Are there exercises I can do to strengthen my breathing muscles (breathing exercises for ALS)?
Just as with other muscles in the body affected by ALS, exercise does not make the breathing muscles stronger. But there are many things that can be done to support the respiratory muscles when they become weak. The diaphragm is the main muscle of breathing. When the diaphragm contracts, the lungs expand and fill with air. Muscles are not needed to exhale the air – the lungs exhale by “elastic recoil,” like a rubber band that is stretched and then released. We need muscles to exhale forcefully, for example with coughing. The intercostal muscles (muscles between the ribs) and the abdominal muscles assist in exhaling forcefully when we cough.
Symptoms of a weak diaphragm often occur during sleep or when lying flat. We all breathe less deeply and less frequently when we sleep. If the diaphragm is weak, a person will take in less air during sleep, which then causes low oxygen levels and elevated carbon dioxide levels. This can result in poor quality sleep with daytime headaches, fogginess, and sleepiness. Breathing during sleep can be assisted with non-invasive ventilation, also called BiPAP or Trilogy, which are the names of machines that help with breathing. A mask is worn over the nose and the machine gently pushes air into the lungs, giving bigger breaths, which improves carbon dioxide and oxygen levels.
Another support machine is called a cough assist or inexsufflator. It helps with the muscles needed for coughing and can be used if a person with ALS develops difficulty coughing up mucous when he or she has a cold or bronchitis. Since getting a respiratory infection can be tough on a person with ALS, we recommend yearly flu shots as well as one time vaccine with Pneumovax (a vaccine that helps with prevention of pneumonia). We also recommend avoiding close contact with friends or family members who have a cold.
Is there a connection between ALS and dental fillings?
It is not necessary or advisable to have fillings removed in the setting of ALS. There is no evidence to indicate that ALS is caused or influenced by the mercury contained in mercury amalgam fillings. We have had hundreds of patients pursue this painful and costly course of action and we have not once seen a benefit to the patient. The progression of ALS is not influenced by this procedure.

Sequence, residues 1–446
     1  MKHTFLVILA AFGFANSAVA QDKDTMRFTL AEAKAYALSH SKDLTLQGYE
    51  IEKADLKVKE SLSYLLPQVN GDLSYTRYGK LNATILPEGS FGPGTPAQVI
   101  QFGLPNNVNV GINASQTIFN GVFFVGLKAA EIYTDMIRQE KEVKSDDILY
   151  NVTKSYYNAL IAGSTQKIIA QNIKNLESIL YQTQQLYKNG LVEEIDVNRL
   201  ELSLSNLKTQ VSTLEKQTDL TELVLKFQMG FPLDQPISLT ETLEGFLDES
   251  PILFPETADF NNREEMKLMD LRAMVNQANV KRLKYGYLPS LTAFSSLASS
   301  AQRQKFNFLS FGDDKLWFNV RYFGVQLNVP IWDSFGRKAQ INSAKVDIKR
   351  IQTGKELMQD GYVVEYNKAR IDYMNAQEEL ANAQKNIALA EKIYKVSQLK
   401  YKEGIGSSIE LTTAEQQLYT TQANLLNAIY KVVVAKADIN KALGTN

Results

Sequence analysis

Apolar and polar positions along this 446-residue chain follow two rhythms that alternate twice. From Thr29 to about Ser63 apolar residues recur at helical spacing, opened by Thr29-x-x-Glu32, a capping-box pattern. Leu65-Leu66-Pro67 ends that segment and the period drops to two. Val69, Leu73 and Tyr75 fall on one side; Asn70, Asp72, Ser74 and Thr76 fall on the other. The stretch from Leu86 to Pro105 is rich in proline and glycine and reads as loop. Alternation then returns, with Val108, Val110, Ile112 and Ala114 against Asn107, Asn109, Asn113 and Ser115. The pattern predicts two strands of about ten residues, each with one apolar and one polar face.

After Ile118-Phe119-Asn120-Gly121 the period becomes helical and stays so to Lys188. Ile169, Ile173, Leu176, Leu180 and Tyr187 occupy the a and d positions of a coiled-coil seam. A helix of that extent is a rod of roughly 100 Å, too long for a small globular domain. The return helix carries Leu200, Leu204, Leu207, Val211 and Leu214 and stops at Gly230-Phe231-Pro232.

Is there a connection between Lyme disease and ALS?
ALS is not caused by infection with Borrelia burgdorferi, the tick born spirochete bacterium responsible for Lyme disease. Lyme is actually quite easy to diagnose by a simple blood test and the CDC has well laid out guidelines for the diagnosis of Lyme disease. Symptoms of neurologic Lyme disease include muscle weakness that can mimic ALS, but also almost always include severe pain and sensory symptoms. For Lyme to cause neurologic issues it must be present in the nervous system, which means that it can be seen either by evidence on MRI scan or in the cerebrospinal fluid from results of a spinal tap. If infection with the Lyme agent cannot be confirmed by blood or CSF studies as detailed by the CDC, it is not advisable to undergo prolonged treatment with an oral or intravenous antibiotic regimen for Lyme disease. This can cause considerable side effects including the risk for infectious diarrhea as well as gallstones requiring gall bladder removal.
What kind of genetic testing should I have for ALS?
About 10% of ALS is caused by one of a group of genetic mutations. Known as Familial ALS (FALS), most FALS patients have a family history of ALS, Parkinson’s disease or Parkinsonism, young onset or atypical dementia or atypical psychiatric disease. Since the discovery of the C9ORF72 gene in 2011 it has become clear that a small percentage of ALS patients without a family history are also positive for this gene. Currently, knowing an individual patient’s genetic status does not influence any aspect of their clinical care but of course this information may affect related individuals including children, parents, siblings, and others who will be faced with a decision of whether or not to seek personal genetic testing. Recent ALS clinical trials using molecular techniques that may be able to silence mutant ALS genes may influence the decision to be genetically tested since this knowledge may allow participation in these trials. The Penn ALS Center is one of only a few in the United States that have on site genetic counseling available for our patients and families.